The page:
Ken Burns' new documentary “The Dust Bowl” arrives on Sunday on PBS in the middle of a spate of quickly produced programs about Hurricane Sandy and climate change. The parallels for today, are striking. An artificial phenomenon — in this case the rapid uprooting of millions of acres of prairie grass for the cultivation of wheat — contributes to a series of huge storms that eventually drives out 25 percent of the population of the affected area in the southern Great Plains.
“The Dust Bowl” runs for four hours over two nights (Sunday and Monday) and there’s more than enough material, from land rush to Depression, drought, mass migration and New Deal agricultural policies, to fill the time.
Burns makes use of the copious supply of photographs and film of the dust storms themselves, awesome and apocalyptic images he can put on screen whenever we need a visual jolt.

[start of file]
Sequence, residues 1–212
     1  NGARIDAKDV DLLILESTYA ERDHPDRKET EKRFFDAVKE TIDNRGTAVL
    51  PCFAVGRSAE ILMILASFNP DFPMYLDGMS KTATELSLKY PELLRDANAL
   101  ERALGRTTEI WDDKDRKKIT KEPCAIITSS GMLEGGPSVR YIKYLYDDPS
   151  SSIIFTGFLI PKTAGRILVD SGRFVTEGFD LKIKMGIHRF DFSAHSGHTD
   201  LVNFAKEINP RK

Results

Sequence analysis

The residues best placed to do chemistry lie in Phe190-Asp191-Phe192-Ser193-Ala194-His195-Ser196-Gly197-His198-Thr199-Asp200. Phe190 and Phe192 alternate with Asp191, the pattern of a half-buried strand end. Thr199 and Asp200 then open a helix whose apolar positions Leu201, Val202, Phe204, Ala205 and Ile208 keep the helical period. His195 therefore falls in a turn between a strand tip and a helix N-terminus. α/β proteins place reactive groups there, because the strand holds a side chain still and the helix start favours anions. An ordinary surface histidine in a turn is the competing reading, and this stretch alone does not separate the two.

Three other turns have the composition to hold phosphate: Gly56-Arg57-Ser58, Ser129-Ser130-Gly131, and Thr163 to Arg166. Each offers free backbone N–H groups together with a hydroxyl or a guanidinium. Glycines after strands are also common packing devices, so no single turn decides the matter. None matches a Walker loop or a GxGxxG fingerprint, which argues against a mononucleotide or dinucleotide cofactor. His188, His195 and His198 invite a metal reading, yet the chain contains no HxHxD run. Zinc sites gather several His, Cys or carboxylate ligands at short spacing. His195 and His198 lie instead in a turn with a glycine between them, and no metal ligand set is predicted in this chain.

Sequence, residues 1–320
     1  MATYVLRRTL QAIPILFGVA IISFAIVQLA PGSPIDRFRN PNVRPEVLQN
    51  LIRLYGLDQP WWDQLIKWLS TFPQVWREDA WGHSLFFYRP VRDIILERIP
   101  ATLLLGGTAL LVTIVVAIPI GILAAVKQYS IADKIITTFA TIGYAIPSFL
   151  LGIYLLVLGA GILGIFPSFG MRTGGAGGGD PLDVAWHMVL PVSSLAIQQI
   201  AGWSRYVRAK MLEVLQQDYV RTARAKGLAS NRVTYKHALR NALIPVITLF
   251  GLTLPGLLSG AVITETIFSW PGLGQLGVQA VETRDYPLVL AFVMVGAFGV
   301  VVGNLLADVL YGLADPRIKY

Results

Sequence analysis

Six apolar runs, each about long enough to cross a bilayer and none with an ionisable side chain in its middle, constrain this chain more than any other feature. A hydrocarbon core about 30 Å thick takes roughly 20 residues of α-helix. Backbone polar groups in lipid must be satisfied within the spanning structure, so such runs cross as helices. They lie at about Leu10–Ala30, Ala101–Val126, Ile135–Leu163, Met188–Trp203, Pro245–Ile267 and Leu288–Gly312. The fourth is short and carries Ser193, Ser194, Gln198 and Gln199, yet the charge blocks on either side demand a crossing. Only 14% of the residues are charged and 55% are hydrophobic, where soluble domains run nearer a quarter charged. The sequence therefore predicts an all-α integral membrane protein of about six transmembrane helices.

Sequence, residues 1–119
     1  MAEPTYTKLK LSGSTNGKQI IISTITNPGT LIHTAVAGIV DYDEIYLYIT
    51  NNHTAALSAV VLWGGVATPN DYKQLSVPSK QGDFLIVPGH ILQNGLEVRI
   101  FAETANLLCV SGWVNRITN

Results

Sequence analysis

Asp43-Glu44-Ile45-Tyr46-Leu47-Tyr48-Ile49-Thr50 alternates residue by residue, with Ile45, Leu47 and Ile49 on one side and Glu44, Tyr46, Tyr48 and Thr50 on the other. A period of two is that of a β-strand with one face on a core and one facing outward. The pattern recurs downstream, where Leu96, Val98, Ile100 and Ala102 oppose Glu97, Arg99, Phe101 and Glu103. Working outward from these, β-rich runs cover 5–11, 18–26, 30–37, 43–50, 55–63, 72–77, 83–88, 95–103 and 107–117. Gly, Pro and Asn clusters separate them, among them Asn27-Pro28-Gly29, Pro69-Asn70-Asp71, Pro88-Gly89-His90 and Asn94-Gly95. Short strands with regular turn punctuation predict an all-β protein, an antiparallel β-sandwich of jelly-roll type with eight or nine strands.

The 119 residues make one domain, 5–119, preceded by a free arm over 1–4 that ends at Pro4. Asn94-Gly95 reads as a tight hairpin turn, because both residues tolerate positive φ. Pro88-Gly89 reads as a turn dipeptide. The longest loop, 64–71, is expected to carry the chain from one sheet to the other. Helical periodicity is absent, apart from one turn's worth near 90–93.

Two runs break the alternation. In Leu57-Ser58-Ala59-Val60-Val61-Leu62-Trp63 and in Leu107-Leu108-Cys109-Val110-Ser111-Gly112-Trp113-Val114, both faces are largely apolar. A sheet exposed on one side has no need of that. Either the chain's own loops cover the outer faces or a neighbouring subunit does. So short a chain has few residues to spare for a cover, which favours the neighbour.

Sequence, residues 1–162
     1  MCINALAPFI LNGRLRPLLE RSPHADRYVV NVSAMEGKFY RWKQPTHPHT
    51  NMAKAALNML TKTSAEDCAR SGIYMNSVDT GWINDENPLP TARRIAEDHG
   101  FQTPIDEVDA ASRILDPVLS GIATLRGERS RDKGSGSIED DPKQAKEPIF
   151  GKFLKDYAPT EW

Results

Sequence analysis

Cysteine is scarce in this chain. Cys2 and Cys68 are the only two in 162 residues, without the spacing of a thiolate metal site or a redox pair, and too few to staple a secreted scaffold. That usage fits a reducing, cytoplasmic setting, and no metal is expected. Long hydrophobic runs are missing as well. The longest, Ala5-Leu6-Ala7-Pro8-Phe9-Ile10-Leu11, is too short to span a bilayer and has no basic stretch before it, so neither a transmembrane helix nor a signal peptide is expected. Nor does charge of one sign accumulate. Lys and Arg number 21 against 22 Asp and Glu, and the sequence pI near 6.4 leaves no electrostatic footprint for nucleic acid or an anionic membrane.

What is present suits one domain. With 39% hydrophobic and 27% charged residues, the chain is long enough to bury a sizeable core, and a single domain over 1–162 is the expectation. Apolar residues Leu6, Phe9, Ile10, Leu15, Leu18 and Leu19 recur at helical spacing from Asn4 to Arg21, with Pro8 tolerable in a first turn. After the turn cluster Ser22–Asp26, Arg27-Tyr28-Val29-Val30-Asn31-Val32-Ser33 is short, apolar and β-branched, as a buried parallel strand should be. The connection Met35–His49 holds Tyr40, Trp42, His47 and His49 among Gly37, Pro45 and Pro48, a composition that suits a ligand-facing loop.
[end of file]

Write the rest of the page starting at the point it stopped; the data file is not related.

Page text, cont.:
Then there is his cast of living witnesses, white-haired survivors who in the 1930s were children growing up in the Oklahoma panhandle or southern Kansas and Colorado. Their first-person accounts of how they and their parents handled the double catastrophes, physical and financial, of the dust storms and the Depression give the film a human element.
|Arthur Rothstein’s 1936 photo of a farmer and his sons in Oklahoma|